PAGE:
“Personally, I’m cynical about things like fuel excise cuts as they sound appealing to voters but I can’t see the petroleum companies letting them flow through to the consumer.

“But there are some positives in it for SMEs and law firms like ours. Our firm is one which invests very heavily in the ongoing professional development of the team – so a 120 per cent deduction for training costs will help us to continue to invest in developing the expertise of our staff. A reduction in the company tax rate will also help to some extent once a growing firm like ours reaches maturity,” he said.

“It’s pleasing to see that there will be funding for community legal centres where community members of limited means can access free legal advice – it will enable wider access to justice and that’s high on our list of priorities. But overall, it looks like a vote buyer to me.”

Law Squared chief operating officer Trent Milvain expressed a similar sentiment – and argued that the budget would only positively impact certain areas.

“We are into our third year of the global COVID-19 pandemic, there is an imminent election, and we are seeing an aggressive approach undertaken by Russia against Ukraine. Therefore, the vast majority of spending is aligned to such uncertainty that we are seeing, thus shorter-term measures, or rear-guard actions, that will create more jobs primarily in defence and infrastructure. This will have a positive impact on some specialised boutique law firms, but not many,” he said.

“However, there is some spending by the federal government in certain pockets, such as Skills and Training Boost and Technology Investment Boost. Law Squared will continue our investment in people and technology, therefore we are grateful for such schemes, yet it won’t have an enormous impact to the bottom line, or reinvestment into our business and therefore the economy.”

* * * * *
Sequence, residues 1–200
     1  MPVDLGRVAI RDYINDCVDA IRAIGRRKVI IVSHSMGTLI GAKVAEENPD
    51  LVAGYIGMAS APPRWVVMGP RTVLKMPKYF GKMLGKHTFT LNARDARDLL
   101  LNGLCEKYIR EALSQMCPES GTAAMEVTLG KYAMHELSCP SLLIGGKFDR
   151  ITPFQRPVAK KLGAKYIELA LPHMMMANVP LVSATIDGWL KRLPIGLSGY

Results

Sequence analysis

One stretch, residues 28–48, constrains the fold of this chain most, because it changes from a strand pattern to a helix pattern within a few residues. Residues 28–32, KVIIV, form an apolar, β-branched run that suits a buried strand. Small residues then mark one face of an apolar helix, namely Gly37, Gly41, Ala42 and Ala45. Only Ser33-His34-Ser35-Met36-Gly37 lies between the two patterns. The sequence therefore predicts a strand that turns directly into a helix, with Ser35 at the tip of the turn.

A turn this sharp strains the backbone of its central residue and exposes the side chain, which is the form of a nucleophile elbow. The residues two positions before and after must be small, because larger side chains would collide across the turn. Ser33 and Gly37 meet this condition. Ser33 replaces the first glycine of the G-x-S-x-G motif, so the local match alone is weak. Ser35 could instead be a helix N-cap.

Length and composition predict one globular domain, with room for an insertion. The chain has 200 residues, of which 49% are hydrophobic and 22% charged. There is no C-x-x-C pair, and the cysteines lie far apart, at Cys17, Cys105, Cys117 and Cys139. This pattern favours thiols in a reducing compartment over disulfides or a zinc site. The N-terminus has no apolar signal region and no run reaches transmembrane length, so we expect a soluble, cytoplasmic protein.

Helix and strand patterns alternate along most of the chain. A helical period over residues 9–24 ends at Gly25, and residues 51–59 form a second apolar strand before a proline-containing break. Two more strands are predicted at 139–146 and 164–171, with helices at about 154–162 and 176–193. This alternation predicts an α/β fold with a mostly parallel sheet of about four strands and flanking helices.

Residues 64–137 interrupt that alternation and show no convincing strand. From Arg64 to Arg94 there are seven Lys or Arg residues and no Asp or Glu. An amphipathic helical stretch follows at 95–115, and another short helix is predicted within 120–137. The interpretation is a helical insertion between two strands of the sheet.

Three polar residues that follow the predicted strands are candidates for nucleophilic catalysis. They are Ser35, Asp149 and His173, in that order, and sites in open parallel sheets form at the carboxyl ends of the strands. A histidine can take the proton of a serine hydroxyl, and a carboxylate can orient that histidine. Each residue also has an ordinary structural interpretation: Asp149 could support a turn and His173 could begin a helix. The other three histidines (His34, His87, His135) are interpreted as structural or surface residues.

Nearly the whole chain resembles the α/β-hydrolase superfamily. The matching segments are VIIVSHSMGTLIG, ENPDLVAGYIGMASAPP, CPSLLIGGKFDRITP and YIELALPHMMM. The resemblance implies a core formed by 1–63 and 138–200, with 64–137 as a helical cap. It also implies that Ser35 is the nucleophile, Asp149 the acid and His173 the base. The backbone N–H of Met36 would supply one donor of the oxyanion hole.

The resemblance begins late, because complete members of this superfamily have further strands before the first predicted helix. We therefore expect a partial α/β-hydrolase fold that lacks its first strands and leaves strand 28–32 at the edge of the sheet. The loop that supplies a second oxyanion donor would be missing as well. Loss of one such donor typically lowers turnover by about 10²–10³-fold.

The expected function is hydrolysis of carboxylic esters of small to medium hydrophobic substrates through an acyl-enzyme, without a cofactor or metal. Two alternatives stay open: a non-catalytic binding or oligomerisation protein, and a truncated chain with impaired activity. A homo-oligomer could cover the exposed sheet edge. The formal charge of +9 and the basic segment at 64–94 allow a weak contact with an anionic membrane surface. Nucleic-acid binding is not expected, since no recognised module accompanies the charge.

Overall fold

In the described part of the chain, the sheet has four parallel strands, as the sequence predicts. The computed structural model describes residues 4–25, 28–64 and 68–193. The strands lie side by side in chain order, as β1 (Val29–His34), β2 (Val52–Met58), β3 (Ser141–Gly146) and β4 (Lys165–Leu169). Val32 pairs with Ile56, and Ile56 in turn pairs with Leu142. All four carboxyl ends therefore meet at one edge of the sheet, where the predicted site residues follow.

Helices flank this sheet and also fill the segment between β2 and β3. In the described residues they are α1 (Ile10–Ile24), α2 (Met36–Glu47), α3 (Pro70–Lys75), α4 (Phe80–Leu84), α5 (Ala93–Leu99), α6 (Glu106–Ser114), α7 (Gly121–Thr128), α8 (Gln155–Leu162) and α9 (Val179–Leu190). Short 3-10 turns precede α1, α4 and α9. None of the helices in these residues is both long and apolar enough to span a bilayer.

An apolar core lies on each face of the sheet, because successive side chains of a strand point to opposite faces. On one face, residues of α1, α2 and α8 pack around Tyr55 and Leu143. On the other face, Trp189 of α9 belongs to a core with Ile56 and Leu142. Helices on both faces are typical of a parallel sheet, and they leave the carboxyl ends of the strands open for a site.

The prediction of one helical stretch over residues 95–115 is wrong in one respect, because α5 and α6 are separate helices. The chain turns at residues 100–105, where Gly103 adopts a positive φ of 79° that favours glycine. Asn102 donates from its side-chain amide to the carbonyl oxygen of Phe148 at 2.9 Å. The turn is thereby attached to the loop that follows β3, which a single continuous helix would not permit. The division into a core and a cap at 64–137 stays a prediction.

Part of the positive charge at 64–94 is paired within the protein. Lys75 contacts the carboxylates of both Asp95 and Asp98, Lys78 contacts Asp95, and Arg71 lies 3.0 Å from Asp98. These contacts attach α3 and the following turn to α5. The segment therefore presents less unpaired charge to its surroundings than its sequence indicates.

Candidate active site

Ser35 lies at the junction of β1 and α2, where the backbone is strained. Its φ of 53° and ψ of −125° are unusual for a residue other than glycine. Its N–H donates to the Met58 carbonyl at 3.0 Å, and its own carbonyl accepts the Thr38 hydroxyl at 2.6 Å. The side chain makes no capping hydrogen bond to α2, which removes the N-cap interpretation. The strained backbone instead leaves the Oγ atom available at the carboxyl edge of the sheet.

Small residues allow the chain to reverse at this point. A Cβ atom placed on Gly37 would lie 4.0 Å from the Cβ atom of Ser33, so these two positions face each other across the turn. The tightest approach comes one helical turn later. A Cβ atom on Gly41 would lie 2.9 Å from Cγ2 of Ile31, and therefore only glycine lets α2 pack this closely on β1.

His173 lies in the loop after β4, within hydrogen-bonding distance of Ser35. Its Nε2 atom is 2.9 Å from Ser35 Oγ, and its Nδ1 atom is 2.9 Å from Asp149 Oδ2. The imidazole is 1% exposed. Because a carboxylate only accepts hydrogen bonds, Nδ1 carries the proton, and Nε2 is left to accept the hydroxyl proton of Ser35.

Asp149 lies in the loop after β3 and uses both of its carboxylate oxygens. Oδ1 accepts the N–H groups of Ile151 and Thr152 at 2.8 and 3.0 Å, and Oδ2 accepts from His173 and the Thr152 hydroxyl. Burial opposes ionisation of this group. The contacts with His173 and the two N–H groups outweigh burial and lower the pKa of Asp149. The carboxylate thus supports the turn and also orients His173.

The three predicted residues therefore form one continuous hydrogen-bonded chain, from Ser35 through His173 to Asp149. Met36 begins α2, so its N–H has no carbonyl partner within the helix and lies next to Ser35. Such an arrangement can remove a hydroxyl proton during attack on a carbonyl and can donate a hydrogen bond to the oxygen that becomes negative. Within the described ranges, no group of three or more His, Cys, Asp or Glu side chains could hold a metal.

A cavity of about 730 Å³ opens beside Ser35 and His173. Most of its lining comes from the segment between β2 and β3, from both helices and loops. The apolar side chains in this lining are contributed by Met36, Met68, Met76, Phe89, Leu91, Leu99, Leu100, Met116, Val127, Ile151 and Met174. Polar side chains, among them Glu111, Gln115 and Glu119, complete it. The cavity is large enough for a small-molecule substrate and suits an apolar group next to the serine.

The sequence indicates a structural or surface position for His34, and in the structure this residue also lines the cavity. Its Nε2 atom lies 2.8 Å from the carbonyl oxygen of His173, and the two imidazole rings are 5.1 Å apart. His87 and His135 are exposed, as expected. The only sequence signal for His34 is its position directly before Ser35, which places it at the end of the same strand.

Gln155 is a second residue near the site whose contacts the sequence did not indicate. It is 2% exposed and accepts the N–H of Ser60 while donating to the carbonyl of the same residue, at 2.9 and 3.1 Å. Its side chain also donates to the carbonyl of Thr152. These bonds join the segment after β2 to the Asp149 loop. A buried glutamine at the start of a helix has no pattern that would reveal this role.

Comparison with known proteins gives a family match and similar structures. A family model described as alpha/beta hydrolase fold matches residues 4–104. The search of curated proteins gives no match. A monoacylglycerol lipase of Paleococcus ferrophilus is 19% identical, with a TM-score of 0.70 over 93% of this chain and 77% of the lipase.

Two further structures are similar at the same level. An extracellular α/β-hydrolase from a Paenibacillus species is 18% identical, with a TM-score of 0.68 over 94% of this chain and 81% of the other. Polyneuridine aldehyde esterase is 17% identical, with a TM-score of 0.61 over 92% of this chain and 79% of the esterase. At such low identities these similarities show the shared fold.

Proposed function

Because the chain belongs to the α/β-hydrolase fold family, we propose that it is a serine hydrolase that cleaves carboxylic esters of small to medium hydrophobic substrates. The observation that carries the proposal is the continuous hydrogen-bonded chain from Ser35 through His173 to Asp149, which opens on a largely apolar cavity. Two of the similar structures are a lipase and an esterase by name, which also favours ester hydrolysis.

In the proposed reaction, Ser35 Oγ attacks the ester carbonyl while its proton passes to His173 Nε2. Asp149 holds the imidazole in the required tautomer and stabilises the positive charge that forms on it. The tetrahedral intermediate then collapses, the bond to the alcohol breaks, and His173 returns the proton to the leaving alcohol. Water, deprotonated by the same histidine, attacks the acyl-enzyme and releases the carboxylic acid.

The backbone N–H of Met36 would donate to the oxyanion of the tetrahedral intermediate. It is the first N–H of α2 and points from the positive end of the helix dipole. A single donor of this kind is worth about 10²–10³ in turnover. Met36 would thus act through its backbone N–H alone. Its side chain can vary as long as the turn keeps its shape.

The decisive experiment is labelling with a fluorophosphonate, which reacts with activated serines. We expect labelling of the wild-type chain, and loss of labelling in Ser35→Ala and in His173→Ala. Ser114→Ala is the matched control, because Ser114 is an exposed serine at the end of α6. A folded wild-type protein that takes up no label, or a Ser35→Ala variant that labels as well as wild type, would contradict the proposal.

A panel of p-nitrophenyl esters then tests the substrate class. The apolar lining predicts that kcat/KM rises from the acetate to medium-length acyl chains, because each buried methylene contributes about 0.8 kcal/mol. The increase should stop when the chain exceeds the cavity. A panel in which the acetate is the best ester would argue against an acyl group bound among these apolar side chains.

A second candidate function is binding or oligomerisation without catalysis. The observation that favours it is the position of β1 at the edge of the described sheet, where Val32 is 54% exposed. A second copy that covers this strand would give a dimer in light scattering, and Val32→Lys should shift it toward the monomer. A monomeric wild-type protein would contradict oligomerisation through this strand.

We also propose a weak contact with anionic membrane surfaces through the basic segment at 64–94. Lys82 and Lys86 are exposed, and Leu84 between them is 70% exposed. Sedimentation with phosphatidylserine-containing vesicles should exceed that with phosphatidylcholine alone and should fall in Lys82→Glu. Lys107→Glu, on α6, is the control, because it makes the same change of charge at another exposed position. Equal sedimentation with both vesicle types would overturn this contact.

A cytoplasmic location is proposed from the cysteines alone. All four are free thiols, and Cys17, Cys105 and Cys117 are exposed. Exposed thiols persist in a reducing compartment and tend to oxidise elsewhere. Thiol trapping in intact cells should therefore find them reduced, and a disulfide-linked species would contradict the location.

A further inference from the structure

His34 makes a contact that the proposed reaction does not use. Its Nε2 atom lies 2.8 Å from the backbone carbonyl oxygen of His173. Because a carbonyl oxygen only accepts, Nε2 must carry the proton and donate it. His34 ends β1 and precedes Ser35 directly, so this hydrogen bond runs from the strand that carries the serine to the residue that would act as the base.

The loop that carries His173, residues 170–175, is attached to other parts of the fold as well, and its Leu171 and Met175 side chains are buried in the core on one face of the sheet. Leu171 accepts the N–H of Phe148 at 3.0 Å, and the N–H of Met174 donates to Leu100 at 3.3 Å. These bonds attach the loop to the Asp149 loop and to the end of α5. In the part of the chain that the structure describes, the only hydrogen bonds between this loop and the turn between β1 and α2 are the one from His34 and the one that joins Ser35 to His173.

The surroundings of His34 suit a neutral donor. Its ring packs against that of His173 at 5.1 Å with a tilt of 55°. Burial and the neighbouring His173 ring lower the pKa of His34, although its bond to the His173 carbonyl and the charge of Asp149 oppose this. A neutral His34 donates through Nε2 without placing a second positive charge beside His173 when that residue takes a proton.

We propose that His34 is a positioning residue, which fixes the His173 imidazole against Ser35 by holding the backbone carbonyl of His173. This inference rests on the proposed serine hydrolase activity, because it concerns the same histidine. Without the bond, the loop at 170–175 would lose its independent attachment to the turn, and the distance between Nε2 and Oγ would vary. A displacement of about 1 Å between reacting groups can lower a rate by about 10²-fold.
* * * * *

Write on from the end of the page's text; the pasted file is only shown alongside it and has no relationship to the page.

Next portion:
Additionally, the Treasurer announced a $4.6 million spend over two years to support the New Access for Small Business Owners program, delivered by Beyond Blue, to continue to provide free, accessible, and tailored mental health support to small-business owners – something which Ms King said she hopes will continue for years to come.

“The Beyond Blue support for SMEs is also fantastic and we would love to see that extended into subsequent years. We know from experience that starting and growing a firm isn’t easy and, alongside the known mental health issues in the profession, can take a heavy emotional toll on budding entrepreneurs at the helm of emerging boutiques.

“We see ongoing investment in digital solutions as vital to operational efficiency and a better client experience, but ‘levelling up’ can be an enormous expense for boutique firms. We plan to significantly lift our tech spend this year and beyond, and we’re now much more enthusiastic about that as a financial proposition than we were last week,” she added.

“Overall, this budget appears to be great for us. It will mean we can invest more confidently in new skills and capabilities and deliver on our efforts to implement best-in-class technology infrastructure.”

Lauren Croft

Lauren Croft

Lauren is a journalist at Lawyers Weekly and graduated with a Bachelor of Journalism from Macleay College. Prior to joining Lawyers Weekly, she worked as a trade journalist for media and travel industry publications and Travel Weekly. Originally born in England, Lauren enjoys trying new bars and restaurants, attending music festivals and travelling. She is also a keen snowboarder and pre-pandemic, spent a season living in a French ski resort.